Introducing an ambulance pre-alert meant that the ambulance crew would (within hours) call the stroke phone and warn us that a patient that potentially required thrombolysis was being brought in. They were asked to tell us the following information: name, date of birth, any seizure at onset, medications, blood pressure, and blood sugar. It was initially hoped that casualty department staff could use a checklist to get this information for all patients when they rang the call in to A&E, but they were not willing to take on what they perceived to be an additional burden of work. The ambulance service agreed the second approach (introducing a pre-alert) and implemented this for some (though not all) patients over time.
Rewriting the existing pathways and clarifying the process was a more straightforward task, and these were presented at junior doctor induction meetings and included in the junior doctor handbook. Education was delivered at grand round, departmental, and A&E meetings in the form of Powerpoint presentations and reminders. The information technology department added a message to the desk top of all the trust computers. The drug cupboard in the CT scanner was kept stocked for rapid administration of alteplase.
This was carried out as an ongoing series of changes with regular review within team meetings.
PDSA cycle 1: Hospitals within our regional network which were using the pre-alerts were contacted and asked about how they had implemented the change and what problems they had encountered. This was discussed at a regional stakeholders meeting and an agreement was made with the local ambulance service. A checklist was formulated and circulated for feedback and the ambulance service informed their teams. The issue that arose from this was that A&E nursing staff were not happy to gather this extra information as they felt that the priority was ensuring training for all the staff involved in the service. We agreed that the ambulance service would ring the stroke phone directly and that this would only happen within hours.
PDSA cycle 2: Teaching and training sessions were held for all the staff involved in delivering the service. The main issue was one of attendance of those who were key to managing the services. Teaching was given at the medical grand round, departmental, and A&E meetings. In these sessions the value in shortening the door to needle times was reiterated and feedback was gathered on the audience's experience of using the service.
PDSA cycle 3: A "Time is Brain" campaign was advertised on the intranet while continuing to raise awareness in a wider forum within the hospital. This meant that the information technology department put a message on the desktop of all the trust computers informing staff that the project was ongoing and why it was necessary.
PDSA cycle 4: The pathway paperwork was revised and the formatting changed to make it easier to follow. This was put on the trust intranet after circulating it to the junior doctors. This was then presented at the junior doctor induction meetings and added to the junior doctor handbook.
The case notes of outliers was reviewed to see if there were any reasons for these to have been delayed in comparison to the other patients. Re-audit was carried out at regular intervals to present to the team and the wider hospital.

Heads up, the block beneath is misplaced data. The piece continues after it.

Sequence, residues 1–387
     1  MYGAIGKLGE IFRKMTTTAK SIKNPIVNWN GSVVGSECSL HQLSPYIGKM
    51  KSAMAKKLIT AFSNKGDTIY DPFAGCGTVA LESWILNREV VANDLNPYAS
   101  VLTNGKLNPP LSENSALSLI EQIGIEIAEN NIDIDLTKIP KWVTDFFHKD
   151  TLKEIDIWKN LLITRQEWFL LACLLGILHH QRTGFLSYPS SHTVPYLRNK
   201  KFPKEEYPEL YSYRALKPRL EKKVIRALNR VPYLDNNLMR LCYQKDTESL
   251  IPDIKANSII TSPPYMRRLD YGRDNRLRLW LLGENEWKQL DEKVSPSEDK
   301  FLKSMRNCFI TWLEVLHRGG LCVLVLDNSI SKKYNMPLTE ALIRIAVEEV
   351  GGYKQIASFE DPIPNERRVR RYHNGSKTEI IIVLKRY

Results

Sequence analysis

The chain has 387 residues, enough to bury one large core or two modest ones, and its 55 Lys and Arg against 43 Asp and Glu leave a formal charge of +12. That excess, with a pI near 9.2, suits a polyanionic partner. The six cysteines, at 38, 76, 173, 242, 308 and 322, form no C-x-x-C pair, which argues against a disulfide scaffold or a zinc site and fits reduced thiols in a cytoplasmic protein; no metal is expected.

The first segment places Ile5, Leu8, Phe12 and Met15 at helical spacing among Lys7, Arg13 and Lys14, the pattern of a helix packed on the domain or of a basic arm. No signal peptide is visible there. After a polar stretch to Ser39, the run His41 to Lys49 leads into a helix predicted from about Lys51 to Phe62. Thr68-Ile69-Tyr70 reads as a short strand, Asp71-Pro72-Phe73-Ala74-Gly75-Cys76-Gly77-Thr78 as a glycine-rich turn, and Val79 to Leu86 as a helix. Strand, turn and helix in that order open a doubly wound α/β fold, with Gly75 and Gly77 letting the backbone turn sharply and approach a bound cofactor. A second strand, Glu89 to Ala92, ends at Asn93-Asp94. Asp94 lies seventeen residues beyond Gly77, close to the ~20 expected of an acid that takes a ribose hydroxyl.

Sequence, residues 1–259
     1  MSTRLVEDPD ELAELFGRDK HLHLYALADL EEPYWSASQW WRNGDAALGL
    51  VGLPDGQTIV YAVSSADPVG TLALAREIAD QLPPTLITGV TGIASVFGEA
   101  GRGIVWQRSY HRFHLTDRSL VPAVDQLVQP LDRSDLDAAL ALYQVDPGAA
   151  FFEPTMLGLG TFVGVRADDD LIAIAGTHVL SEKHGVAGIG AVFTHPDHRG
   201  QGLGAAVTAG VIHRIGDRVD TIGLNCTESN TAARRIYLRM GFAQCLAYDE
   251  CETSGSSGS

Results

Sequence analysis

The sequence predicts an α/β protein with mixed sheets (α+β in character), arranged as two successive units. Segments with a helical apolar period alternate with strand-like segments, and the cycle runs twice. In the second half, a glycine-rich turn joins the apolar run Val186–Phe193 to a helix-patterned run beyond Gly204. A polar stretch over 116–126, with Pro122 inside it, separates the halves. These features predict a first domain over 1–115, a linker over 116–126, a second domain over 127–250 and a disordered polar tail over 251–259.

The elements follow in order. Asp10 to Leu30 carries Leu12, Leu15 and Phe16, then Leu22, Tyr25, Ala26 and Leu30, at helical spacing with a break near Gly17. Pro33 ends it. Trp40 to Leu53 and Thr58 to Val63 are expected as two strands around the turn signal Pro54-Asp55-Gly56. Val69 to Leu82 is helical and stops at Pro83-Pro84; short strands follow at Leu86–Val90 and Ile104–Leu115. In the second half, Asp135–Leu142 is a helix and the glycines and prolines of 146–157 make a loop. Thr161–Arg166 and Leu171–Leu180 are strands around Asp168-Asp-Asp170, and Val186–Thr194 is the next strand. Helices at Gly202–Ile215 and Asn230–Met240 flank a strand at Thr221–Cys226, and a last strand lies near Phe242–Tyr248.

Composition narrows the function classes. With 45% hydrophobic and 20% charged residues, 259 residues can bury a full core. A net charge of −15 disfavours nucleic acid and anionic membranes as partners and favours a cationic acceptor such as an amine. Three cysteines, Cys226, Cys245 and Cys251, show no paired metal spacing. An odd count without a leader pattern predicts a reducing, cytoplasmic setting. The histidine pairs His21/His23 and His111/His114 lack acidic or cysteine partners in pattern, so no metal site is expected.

The figures were re-audited (see attached) which showed a clear improvement over time. The median door to needle dropped from 65.5 minutes in 2012 to 49 minutes in 2014. This was comprised of a general reduction in the time taken to traverse the pathway. The times continued to be much shorter within hours when the stroke team was on site.
Other metrics such as staff engagement with the stroke service and level of understanding around managing acute strokes is more difficult to measure. However, we did receive good feedback while going through the process, particularly in responses to the teaching delivered.
See supplementary file: ds3958.xlsx - “Door to Needle Times 2012-14 ”
Lessons and limitations
Apart from practical challenges, promoting a cultural shift in mindset was an extremely difficult thing to do. Part of this was simply due to the overwhelming number of conflicting commitments that health care professionals are subject to. This is particularly true for accident and emergency staff who are regularly given new targets and protocols from all the specialties to follow in acutely unwell patients. Convincing them that change was necessary was possible but that this had to stay within the constraints of not asking anyone to add to their workload. Requests to use staff and pathways more creatively were met with considerable resistance. Another major constraint was the constantly changing workforce of junior and locum doctors; any teaching/training had to be frequently repeated but other than this it was a case of hoping that they would consult the intranet for protocols or the stroke trained members of staff when they encountered unfamilar situations. A service which incorporated several different systems (thrombolysis via telemedicine, on site stroke physicians, casualty doctors) was both harder to analyse initially and to change.
In terms of change management, I began to understand the nature of change as a step by step process and just how long this can take. It also gave me a greater depth of understanding into how systems work within a hospital organisation and working across specialties. Lessons learnt were predominantly around leadership and behavioural change. It became clear quickly that behaviour was more likely to change if there was a visible example of good practice. There was also a feel of loss of momentum if the project was not given a regular slot for discussion in departmental or hospital meetings.
A complex intervention carried out in a step by step manner is effective for reduction of door to needle time for stroke thrombolysis. The elements incorporated within this were pathway mapping and analysis, the identification of barriers, and problem solving focussed on these and education around the management of stroke. The part of this project that really enabled change was the regular review and discussion of the experiences of those working within the service which allowed for evolution.
Tissue Plasminogen Activator for Acute Ischaemic Stroke. The NINDS Stroke Study Group. NEJM 1995; 333:1581-8.
Meretoja A, Weir L, Ugalde M, Yassi N, Yan B, Hand P et al. Helsinki Model Cut Stroke Thrombolysis Delays to 25 Minutes in Melbourne in only Four Months. Neurology 2013;81(12):1071-6.
Declaration of interests
There are no conflicts of interest.
Ruth Connolly, general manager A&E.